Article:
Morgan County Bd. of Educ., 470 F.3d 250, 257 (6th Cir. 2006) ("speech on . . . religious views and on homosexuality are matters of public concern"); Tucker v. State of Cal. Dep't of Educ., 97 F.3d 1204, 1210 (9th Cir. 1996) ("[Plaintiff's] speech is religious expression and it is obviously of public concern."). Indeed, when similar statements have been made by prominent religious figures -- as when Jerry Falwell and Pat Robertson stated that 9/11 was God's punishment for America's tolerance of homosexuality and abortion -- these statements generated widespread media coverage and discussion. See, e.g., Daniel Weintraub, Falwell Says America Got What It Deserved, The Sacramento Bee, Sept. 18, 2001, at B7; cf. Tao v. Freeh, 27 F.3d 635, 640 (D.C. Cir. 1994) (prior media coverage indicates issue is a matter of public concern). 8 The context of Appellants' speech also establishes that it was of public concern. It is clear that the signs were not directed solely at the Snyders personally (which might have been indicative of the sort of "purely private" personal dispute
A Google search further demonstrates that the issues Appellants spoke of are public issues and the subjects of intense popular discussion. A search of the terms "Catholic Church Sex Abuse Scandal" yields more than 2 million results; "Homosexuality and Sin" more than 400,000 results; and "Gays in the Military," more than 470,000 results. The issues were the subject of considerable news coverage at the time of the picket, and continue to be today. See, e.g., Rachel Zoll, Catholic Leaders Report 783 New Claims of Sex Abuse, Fort Worth Star-Telegram, Mar. 31, 2006, at A7; Marie Cocco, End Bias Against Gays in Military, Albany Times Union, Mar. 6, 2006, at A7; Rachel Stassen-Berger, 1,000 Gather to Protest Gay Marriage, St. Paul Pioneer Press, Mar. 21, 2006, at 1A. 18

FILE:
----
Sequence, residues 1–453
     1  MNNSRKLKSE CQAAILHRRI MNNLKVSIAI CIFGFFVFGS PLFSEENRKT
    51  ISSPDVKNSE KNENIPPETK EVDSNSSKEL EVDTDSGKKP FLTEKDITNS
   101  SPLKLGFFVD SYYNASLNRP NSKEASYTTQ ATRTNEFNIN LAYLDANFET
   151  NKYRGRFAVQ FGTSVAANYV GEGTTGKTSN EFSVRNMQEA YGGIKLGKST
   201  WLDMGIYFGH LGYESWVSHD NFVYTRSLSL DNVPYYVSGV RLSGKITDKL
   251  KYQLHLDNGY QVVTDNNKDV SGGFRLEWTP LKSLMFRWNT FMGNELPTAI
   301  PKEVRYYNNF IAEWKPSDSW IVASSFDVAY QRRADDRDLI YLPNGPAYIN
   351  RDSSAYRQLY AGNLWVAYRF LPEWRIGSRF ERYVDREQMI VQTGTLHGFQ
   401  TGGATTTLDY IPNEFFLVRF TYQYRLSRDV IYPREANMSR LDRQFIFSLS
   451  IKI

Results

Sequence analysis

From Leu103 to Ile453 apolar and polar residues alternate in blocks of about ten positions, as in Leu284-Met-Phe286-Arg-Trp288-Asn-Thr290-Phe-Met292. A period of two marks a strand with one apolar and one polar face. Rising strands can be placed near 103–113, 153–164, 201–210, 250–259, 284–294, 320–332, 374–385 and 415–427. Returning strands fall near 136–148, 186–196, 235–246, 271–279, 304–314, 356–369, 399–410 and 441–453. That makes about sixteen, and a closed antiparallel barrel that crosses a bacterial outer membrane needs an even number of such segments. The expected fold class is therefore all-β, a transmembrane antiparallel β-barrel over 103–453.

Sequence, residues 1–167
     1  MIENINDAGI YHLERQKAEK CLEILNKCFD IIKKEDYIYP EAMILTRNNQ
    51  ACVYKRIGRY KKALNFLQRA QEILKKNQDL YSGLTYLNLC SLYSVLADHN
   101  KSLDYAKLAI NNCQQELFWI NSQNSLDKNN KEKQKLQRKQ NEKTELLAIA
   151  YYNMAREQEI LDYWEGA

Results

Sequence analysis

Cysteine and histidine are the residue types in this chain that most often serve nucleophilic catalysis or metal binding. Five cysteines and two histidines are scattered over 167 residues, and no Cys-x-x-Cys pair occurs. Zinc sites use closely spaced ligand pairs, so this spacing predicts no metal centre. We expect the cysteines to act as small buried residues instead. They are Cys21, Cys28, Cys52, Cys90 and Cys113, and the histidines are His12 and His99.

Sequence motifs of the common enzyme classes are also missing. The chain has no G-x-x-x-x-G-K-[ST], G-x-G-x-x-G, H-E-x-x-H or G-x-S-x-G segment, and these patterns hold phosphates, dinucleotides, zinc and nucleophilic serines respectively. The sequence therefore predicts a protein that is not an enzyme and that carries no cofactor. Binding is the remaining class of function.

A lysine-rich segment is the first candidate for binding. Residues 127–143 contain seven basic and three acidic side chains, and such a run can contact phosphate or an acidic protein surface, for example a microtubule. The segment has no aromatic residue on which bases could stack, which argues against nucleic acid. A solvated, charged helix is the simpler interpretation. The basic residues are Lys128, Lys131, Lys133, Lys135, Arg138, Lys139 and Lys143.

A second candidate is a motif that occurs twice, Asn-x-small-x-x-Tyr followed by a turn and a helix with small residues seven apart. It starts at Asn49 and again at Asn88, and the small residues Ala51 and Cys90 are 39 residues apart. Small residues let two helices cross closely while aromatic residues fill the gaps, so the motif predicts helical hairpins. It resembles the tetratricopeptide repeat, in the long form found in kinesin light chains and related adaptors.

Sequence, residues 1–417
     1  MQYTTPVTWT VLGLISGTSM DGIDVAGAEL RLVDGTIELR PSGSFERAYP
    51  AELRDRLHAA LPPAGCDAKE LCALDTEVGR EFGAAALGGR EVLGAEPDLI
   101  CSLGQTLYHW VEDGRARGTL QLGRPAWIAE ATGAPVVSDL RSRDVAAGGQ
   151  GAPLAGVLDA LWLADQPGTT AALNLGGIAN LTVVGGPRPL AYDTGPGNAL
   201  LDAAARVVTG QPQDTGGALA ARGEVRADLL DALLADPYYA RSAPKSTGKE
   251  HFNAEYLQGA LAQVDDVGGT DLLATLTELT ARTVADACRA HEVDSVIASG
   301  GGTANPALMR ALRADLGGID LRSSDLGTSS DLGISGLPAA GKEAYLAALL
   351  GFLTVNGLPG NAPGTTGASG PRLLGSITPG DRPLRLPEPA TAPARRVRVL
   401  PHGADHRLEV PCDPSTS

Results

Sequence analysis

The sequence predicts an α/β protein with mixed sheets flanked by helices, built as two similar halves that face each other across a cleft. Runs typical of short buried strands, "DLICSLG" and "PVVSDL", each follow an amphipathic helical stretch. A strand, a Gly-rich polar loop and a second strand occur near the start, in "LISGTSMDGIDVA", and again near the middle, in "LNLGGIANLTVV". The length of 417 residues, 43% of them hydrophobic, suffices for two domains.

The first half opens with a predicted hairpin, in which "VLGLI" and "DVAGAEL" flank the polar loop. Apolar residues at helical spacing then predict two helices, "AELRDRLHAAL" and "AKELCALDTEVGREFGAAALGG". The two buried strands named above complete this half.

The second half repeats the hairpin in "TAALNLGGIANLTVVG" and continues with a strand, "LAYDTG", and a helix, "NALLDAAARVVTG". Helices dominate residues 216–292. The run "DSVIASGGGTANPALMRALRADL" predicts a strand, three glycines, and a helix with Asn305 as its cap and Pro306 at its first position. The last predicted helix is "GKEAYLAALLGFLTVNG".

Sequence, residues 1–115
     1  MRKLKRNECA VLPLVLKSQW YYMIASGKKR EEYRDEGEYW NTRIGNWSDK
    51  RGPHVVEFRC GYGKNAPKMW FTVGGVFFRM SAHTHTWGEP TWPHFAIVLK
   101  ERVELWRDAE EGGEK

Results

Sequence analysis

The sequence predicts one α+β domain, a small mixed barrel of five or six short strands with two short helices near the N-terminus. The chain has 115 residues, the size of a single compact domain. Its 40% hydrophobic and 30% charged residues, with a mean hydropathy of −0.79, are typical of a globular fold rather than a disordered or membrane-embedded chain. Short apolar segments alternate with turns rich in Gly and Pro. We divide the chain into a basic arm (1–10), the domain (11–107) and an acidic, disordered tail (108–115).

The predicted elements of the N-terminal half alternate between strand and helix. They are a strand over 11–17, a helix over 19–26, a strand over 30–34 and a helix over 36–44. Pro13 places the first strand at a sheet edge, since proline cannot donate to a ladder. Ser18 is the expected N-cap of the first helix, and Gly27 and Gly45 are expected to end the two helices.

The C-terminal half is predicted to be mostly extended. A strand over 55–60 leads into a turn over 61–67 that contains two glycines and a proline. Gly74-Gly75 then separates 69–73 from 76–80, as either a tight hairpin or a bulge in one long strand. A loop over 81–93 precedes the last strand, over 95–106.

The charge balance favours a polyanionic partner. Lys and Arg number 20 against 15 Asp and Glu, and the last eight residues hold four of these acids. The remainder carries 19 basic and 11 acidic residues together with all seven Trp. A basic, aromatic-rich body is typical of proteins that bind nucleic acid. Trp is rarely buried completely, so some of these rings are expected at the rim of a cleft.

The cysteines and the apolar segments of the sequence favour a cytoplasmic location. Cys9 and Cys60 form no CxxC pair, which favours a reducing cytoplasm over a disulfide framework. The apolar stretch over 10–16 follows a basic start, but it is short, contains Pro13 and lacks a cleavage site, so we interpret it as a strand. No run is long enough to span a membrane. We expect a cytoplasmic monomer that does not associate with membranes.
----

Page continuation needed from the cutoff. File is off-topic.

of less constitutional import, see Mutafis v. Erie Ins. Exch., 775 F.2d 593, 595 (4th Cir. 1985)). The funeral picket was one of more than 30,000 pickets Appellants have conducted over the past 17 years, in accordance with their belief that it is their religious duty to demonstrate in this manner. (VIII App. 2222; IX App. 2420, 2430, 2467.) Appellants did not know the Snyders, and they brought the same signs to two other pickets that day, at the Naval Academy and the Maryland legislature. (IX App. 2358, 2404.) When this context is considered, it is obvious that signs such as "You're Going To Hell," "God Hates You," and "Thank God for Dead Soldiers" were not invective towards Mr. Snyder personally, as the district court appeared to believe, but were statements to all passersby of Appellants' religious view that Americans are sinners and are suffering, and will continue to suffer, God's wrath unless they change. (IX App. 2372-73.) Finally, the form of Appellants' speech reflects that it was of public concern. In general, speech is not of public concern if it is made privately or to a limited audience. See Dun & Bradstreet, 472 U.S. at 762 (credit report was not of public concern, in part because it was available to only five subscribers who were prohibited from distributing it further); Mutafis, 775 F.2d at 595 (inter-office memorandum for use by only certain employees was not of public concern). Unlike such "private" speech, Appellants' speech here was meant to reach the broadest possible audience. (VIII App. 2214-15.) Moreover, their speech took the 19